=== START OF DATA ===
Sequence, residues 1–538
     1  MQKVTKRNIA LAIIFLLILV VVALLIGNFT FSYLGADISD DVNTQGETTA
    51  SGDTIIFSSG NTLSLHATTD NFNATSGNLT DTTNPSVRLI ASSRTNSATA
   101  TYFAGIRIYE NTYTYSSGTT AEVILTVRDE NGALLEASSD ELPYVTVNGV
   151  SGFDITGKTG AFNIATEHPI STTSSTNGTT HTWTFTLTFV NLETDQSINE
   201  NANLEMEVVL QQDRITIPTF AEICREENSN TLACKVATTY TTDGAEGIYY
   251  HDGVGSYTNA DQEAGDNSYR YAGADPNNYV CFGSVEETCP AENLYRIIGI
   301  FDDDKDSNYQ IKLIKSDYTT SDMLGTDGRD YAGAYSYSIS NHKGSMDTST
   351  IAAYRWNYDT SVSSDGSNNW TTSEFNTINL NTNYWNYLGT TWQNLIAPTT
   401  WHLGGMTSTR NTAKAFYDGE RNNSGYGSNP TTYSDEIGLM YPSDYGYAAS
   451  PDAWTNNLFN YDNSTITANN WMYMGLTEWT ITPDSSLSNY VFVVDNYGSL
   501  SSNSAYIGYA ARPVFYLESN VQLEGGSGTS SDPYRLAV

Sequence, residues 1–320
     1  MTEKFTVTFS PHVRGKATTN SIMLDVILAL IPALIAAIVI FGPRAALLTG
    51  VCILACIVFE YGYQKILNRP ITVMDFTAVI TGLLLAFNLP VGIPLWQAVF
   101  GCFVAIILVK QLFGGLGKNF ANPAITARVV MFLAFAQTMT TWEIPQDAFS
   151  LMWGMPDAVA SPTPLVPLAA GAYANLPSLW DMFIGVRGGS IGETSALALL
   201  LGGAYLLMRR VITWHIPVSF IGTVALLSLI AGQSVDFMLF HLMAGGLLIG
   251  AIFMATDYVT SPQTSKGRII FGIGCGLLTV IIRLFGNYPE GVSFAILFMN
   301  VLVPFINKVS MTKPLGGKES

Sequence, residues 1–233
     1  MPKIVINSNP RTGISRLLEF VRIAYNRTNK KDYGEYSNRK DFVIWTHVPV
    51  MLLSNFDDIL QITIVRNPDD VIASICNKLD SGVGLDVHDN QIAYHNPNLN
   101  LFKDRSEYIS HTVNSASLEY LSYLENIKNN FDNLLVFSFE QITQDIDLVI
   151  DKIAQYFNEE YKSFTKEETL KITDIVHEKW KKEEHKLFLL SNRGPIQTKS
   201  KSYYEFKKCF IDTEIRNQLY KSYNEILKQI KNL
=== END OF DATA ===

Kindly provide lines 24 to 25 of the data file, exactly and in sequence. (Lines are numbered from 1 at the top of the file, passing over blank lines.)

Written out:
   101  LFKDRSEYIS HTVNSASLEY LSYLENIKNN FDNLLVFSFE QITQDIDLVI
   151  DKIAQYFNEE YKSFTKEETL KITDIVHEKW KKEEHKLFLL SNRGPIQTKS